Cardinals Top 30 Prospects: #6 – Harrison Bader

This article was originally published at the Redbird Daily by Colin Garner, and is now proud to call the Cards Conclave home. Throughout July, we’ll be re-running all 30 Prospect articles as we lead up to Colin’s Mid-Season Prospect Update later in the month.

In Collaboration with Kyle Reis and Birds On The Black, Colin Garner presents you with The Cardinals Top 30 Prospects! Today, we have #6, Harrison Bader.

6. Harrison Bader – CF

3rd Round – 2015 Draft
Entering age-24 season
wRC+ – AAA: 111, MLB: 70

Standard Batting
2017 23 STL-min AAA 123 479 431 74 122 18 1 20 55 15 9 34 118 .283 .347 .469 .816 202 3 10 1 3 0 MEM · PCL
2017 23 STL NL 32 92 85 10 20 3 0 3 10 2 1 5 24 .235 .283 .376 .659 72 32 1 1 0 1 1 8/79
Provided by View Original Table
Generated 3/21/2018.

What I Like

Think back to Harrison Bader’s MLB debut. He lined a double down the left field line, advanced to third, and scored on a shallow fly ball to right field. That game, in a nutshell, describes the type of player Bader could be if he reaches his peak.

Bader is the type of position player prospect the Cardinals have been extremely successful in developing: a college player, right-handed, with the potential for plus power. Bader’s power began to manifest itself in Double-A in 2016, where he went deep 16 times in 82 games. His plate discipline profile, 7 percent walk rate and 26 percent strikeout rate, have been relatively steady throughout his development. In Springfield, however, he started putting the ball in play hard and had success.

Last season, at Triple-A Memphis, Bader’s numbers mirrored his 2016 numbers in Springfield. He slashed .283/.347/.469 in Memphis and .283/.351/.497 in Springfield two years ago. He struggled after a mid-2016 promotion to Memphis, but after adjustments, he had just as much success in Memphis last year as he did in his breakout 2016 in Springfield.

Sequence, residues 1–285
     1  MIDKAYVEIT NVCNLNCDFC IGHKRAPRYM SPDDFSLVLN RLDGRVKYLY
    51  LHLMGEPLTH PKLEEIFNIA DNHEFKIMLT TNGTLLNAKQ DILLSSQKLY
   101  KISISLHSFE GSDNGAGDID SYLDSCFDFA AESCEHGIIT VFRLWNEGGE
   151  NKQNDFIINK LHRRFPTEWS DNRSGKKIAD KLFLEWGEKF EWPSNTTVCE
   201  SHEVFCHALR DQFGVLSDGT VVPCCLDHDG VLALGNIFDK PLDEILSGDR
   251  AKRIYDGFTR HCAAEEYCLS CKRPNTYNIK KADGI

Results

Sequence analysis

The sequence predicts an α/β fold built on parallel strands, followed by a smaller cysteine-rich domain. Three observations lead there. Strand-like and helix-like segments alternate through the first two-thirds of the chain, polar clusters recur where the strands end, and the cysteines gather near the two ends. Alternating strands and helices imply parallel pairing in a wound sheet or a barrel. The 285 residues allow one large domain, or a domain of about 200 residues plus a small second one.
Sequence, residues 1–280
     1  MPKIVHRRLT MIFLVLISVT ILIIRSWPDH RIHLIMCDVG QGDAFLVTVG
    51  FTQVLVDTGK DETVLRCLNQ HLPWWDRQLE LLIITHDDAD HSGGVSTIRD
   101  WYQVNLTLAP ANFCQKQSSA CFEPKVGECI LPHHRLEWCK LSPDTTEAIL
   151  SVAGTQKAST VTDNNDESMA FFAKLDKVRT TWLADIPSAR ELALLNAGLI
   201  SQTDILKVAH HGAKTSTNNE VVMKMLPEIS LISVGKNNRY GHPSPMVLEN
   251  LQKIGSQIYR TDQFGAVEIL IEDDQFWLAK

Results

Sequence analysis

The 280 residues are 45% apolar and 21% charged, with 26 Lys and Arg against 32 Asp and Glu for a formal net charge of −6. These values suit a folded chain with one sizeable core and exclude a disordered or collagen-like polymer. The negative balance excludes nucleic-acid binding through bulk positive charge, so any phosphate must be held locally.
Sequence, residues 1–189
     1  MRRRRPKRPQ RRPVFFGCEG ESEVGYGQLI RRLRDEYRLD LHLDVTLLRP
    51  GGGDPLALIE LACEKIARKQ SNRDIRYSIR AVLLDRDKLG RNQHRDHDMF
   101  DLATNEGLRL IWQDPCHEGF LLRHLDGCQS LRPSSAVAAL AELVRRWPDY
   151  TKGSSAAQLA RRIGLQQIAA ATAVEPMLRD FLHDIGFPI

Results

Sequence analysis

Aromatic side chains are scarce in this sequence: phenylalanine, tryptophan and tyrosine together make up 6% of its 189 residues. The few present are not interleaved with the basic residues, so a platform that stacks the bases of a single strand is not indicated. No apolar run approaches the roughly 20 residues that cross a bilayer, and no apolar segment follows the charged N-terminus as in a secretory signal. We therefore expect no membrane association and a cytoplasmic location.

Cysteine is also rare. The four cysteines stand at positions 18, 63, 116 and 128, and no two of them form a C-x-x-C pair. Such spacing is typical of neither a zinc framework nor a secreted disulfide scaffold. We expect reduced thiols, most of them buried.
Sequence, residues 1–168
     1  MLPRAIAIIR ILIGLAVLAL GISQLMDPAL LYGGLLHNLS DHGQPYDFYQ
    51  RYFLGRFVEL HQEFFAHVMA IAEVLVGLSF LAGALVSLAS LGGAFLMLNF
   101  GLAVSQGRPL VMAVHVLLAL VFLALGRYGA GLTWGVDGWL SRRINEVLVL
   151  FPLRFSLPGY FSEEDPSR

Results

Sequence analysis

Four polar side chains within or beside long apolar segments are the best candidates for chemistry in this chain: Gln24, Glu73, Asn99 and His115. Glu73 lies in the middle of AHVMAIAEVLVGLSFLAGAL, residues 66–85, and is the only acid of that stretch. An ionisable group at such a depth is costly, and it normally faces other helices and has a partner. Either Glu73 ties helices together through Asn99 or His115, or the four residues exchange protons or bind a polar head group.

In some ways, Bader is the perfect fourth outfielder. He plays hard. Like, really hard. Last year, it was a breath of fresh air for a fanbase that had seen a slip in fundamentals over the last two seasons. He has enough power to hit a few homers (I didn’t realize he hit three last year), enough speed to steal a base, and was +3 in defensive runs saved in 188 innings.

What I Don’t Like

Like many Cardinals prospects, Bader strikes out too much. He’s struck out in over 26 percent of his plate appearances in his professional career, and there’s been little to suggest that will change anytime soon. After a hot start in his first stint with the big league club, Bader’s propensity to chase off-speed pitches out of the zone was exposed and the Cardinals were forced to demote him. I highly doubt Bader will be able to cut his strikeout rate into the “above average” category of 16 percent, but “average” (about 20 percent) is certainly possible and should be a goal of his this season. Likewise, his walk rate is also below average but if he cuts his strikeout rate his walk rate would almost certainly rise.

I love Bader’s style of play and think he’s a great fourth outfielder, but I have questions about how it will effect his development. He only made the necessary adjustments to Triple-A pitching after getting plate appearances every day.

There’s a chance Bader could get plenty of at-bats. Dexter Fowler and Tommy Pham have extensive injury histories, and Marcell Ozuna can’t play every day. But Jose Martinez, one of the most productive hitters on the Cardinals roster last year, could start in right field in a pinch. Consistent at-bats are the most important thing for a player’s development, especially when they’re at a new level. It’s why we had such a problem with Carson Kelly‘s lack of playing time, and assigning him to Triple-A was the right move.

Bader is almost certainly ready for the majors. We saw it in his spurts of success in 2017. I just hope he plays enough to be a little bit better, but most importantly a little bit more consistent.

Thanks for reading!

Colin Garner

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Last updated: 10/06/2022